• Like somehow, there seems to be this irrational fear in the minds of our politicians that any "soft line" towards Kashmir or Kashmiris will mean electoral reverses in the rest of India and that they should only be seen to be advocating a hardline. I think the politicians do India and Indians injustice in this belief. Any mainstream politician who could even get to be on good talking terms with Kashmiris will be feted and not reviled. There is the example of Mr Vajpayee.
  • Like can't the TV channels actually pitch in and promote some people to people contacts? Can't they bring in some of the most credible and empathetic faces of Indian civil society -- say, people such as Pratap Bhanu Mehta, Amitabh Mattoo, Wajahat Habibullah -- to try and engage some of the diverse voices of dissent from the valley? Shouldn't they be heard and their concerns engaged with?  Preferably with no studio audiences.  Will it not at least make them pause? Will it not at least provide a platform for venting, even if all they want to express is their inchoate demand of Azadi, Azadi, Azadi? Will this articulation at least not address the complaint that they are not even listened to? So far, all they have perhaps experienced is the abuse and invective online on internet message boards;  they at least deserve to be engaged with respectfully by people who would not dismiss their aspirations and demands out of hand, however unreasonable or unrealistic they might seem to some.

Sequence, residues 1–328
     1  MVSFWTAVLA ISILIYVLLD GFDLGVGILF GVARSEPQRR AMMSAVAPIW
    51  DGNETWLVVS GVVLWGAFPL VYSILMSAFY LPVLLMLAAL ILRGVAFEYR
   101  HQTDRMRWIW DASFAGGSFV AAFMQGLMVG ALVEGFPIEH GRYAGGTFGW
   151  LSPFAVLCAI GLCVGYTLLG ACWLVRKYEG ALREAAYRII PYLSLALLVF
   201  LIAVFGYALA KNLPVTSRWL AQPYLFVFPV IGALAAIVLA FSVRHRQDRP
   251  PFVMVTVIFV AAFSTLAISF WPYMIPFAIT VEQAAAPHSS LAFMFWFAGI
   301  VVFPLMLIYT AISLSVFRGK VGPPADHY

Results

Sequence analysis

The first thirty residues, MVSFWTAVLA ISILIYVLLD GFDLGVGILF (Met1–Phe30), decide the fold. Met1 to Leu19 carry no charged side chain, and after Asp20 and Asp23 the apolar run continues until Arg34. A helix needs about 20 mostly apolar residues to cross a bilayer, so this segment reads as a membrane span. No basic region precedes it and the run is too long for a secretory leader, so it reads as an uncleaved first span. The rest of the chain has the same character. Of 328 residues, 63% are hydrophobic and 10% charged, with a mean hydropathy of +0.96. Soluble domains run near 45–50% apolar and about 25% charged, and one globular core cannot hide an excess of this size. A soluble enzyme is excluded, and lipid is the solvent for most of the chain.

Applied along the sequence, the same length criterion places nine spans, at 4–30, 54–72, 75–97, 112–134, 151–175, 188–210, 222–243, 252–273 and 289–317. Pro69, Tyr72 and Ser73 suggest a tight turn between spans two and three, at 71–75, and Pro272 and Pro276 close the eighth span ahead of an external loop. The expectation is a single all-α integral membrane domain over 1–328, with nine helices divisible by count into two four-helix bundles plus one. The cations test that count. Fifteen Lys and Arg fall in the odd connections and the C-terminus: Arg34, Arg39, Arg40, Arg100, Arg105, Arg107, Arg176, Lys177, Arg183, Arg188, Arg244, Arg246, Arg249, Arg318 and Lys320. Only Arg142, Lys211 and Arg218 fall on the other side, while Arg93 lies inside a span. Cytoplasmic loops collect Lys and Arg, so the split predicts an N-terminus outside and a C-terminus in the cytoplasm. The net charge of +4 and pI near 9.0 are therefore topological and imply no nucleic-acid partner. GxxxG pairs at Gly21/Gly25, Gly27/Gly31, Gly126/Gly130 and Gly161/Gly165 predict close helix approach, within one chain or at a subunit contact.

• Like while the immediate fire-fighting would have to be necessarily done impersonally at the level of CCS or Unified Command or other such terms which are meaningless to most people, is there anyone else who's reminded of people such as the late film actor Sunil Dutt who acted as the conscience of the country in the past? Even if the effectiveness of their ability to help in a situation such as this could be questioned, at least the sheer sincerity and EQ that they brought to the task would have helped?